In Cold War, U.S. Spy Agencies Used 1,000 Nazis, NY Times article says. How morally problematic or unproblematic do you find the fact the the US was using Nazis? Would you say that this fact still deserve some public attention? Read few comments.
Kurk Dorsey, Associate Professor of History, University of New Hampshire
The use of Nazis as spies is more problematic as history than as policy. In the depths of the Cold War, when Western leaders were fearful that the Soviets would use any trick in the book to seize power, it made a certain sense to use any means to counter those tricks. Nazis and their sympathizers would be logical agents to use if one is in a struggle for life and death. Surely, the attempt to rebuild West Germany and rearm it between 1945 and 1955 involved many who were basically Nazis. I would like to think that I would have opposed the use of such agents, but given the fear of Communist expansion and subversion I am not sure that I would have supported a different policy.
The New York Times article suggests that US leaders recognized the potential that this decision had to compromise their public rhetoric, because they tried to parse differences between bad Nazis and moderate Nazis. I am sure that the United States uses equally nasty people today when it finds them useful in its fight against ISIS and al Qaeda. It has been a long time since Secretary of State Henry Stimson commented that gentlemen don’t read other people’s mail!
What is more troubling is the unwillingness to admit these actions. I cannot imagine a purpose to keeping files like these classified, except in the rarest cases. We do not have to brag about this policy or claim that it was morally unambiguous, but we should be able to discuss freely what limits there should be in struggles like the Cold War or the current war with ISIS. It is good, as an example, to have a public discussion about limits on torture and other harsh measures, and this kind of information gives context to the reality of making hard decisions in times of crisis, including the reality that those decisions are sometimes in error. And I mean that both sides–government officials and the public–should be able to discuss the past in its specifics and current policies in their broad outlines. The attentive public should be able to comprehend that foreign policy involves a large grey area, and policy makers will sometimes struggle to find just the right policy to protect both national security and national values.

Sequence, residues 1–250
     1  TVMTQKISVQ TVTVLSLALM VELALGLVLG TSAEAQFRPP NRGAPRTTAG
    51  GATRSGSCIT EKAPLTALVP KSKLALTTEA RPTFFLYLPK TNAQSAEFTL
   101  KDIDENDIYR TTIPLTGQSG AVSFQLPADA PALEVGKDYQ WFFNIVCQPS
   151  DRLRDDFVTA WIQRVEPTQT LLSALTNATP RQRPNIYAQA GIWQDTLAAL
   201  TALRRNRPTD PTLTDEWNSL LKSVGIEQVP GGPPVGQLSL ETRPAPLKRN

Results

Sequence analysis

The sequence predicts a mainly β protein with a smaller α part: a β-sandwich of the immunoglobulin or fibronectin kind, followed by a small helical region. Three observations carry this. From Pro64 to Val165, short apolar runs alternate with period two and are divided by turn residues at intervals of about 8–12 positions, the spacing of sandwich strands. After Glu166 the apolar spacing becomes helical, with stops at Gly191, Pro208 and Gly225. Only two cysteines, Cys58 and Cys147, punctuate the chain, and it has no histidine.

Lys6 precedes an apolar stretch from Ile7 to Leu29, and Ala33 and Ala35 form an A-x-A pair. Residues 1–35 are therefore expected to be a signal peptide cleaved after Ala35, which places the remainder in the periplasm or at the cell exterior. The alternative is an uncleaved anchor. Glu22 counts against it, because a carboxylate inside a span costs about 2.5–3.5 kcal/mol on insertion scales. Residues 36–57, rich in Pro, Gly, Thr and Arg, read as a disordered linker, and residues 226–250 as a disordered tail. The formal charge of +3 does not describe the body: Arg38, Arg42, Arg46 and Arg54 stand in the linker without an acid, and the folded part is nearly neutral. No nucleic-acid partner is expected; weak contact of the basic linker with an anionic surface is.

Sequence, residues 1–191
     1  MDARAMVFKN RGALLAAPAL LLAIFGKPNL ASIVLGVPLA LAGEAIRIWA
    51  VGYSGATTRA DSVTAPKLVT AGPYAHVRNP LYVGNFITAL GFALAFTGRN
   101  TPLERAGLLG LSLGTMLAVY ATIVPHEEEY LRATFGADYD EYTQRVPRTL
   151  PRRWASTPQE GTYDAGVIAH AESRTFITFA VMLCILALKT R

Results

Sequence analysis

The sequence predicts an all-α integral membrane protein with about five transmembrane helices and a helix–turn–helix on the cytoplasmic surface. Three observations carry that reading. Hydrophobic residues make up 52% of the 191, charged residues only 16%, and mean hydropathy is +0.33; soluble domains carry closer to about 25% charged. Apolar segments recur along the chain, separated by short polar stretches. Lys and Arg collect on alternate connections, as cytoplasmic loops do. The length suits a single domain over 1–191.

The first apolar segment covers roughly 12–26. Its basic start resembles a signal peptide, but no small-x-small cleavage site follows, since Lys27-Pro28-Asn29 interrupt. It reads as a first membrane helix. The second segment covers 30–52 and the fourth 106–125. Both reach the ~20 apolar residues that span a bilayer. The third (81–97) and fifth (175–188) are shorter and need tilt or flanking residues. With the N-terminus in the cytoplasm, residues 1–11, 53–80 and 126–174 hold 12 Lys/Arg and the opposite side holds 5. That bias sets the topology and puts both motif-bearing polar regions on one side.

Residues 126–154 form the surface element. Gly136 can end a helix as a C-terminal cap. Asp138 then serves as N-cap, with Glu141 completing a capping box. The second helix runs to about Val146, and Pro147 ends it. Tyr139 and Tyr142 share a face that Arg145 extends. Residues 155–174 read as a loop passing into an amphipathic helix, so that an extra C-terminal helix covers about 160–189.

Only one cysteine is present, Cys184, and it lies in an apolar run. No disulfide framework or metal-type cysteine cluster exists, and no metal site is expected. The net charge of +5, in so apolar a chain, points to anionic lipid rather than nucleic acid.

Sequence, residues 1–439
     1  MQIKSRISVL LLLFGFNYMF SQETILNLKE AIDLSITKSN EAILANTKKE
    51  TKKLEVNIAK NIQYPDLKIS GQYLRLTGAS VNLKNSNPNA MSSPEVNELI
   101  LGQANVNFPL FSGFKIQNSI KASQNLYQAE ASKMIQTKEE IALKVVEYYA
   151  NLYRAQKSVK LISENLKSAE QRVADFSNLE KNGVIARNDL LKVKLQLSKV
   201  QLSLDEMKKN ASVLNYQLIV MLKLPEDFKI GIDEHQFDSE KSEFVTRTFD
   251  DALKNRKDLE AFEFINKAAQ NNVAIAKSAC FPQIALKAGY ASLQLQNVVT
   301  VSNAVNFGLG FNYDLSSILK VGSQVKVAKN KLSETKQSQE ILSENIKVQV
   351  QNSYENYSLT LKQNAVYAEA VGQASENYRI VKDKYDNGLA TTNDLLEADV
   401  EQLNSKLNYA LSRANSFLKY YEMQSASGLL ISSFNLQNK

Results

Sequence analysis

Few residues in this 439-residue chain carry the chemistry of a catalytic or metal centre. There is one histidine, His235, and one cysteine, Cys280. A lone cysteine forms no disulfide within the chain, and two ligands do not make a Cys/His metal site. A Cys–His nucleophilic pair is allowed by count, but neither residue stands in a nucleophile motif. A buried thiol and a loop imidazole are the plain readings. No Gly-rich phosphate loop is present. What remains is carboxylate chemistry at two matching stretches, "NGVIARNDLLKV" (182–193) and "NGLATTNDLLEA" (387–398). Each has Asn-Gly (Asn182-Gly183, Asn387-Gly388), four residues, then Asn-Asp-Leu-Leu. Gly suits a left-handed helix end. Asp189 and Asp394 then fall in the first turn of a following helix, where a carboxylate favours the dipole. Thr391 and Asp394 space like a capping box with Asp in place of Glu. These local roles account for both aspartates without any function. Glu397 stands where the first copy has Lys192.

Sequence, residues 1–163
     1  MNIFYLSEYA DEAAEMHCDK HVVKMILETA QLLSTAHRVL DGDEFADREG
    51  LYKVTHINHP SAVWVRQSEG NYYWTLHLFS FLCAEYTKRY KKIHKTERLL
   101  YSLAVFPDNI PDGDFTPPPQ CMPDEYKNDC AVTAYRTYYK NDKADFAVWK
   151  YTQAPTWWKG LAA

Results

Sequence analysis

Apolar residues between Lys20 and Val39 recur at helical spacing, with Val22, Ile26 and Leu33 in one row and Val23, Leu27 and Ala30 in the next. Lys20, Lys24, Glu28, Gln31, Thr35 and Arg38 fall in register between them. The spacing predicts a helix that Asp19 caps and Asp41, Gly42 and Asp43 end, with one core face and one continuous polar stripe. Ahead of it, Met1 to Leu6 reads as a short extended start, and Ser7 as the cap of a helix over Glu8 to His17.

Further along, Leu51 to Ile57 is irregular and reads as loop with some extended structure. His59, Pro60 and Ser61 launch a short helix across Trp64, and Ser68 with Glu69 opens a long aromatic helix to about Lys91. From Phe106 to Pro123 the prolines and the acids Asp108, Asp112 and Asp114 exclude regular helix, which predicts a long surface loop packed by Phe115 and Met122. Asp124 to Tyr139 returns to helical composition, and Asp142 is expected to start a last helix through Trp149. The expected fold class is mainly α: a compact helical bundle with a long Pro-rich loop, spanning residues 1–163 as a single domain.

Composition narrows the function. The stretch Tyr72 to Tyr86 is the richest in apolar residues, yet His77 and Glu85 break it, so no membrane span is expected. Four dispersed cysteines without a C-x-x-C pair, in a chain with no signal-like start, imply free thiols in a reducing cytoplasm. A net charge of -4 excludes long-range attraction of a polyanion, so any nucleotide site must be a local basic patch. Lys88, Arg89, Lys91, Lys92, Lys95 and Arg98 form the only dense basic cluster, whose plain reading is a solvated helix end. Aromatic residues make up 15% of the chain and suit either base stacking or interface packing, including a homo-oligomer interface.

Monique Laney, Assistant Professor, Department of History, Auburn University
In order to evaluate the U.S. use of Nazis for military purposes, we need to consider the larger post-World War II context. The Allies were all scrambling for German expertise in fields deemed potentially useful for their respective militaries, so that several countries employed former Nazis for various military purposes. Right or wrong, those who were making decisions often found that the Nazis’ former acts were not relevant in light of the potential new military threat that developed into the Cold War. There is no doubt that this led to moral compromises, which seem difficult, if not painful, to accept today.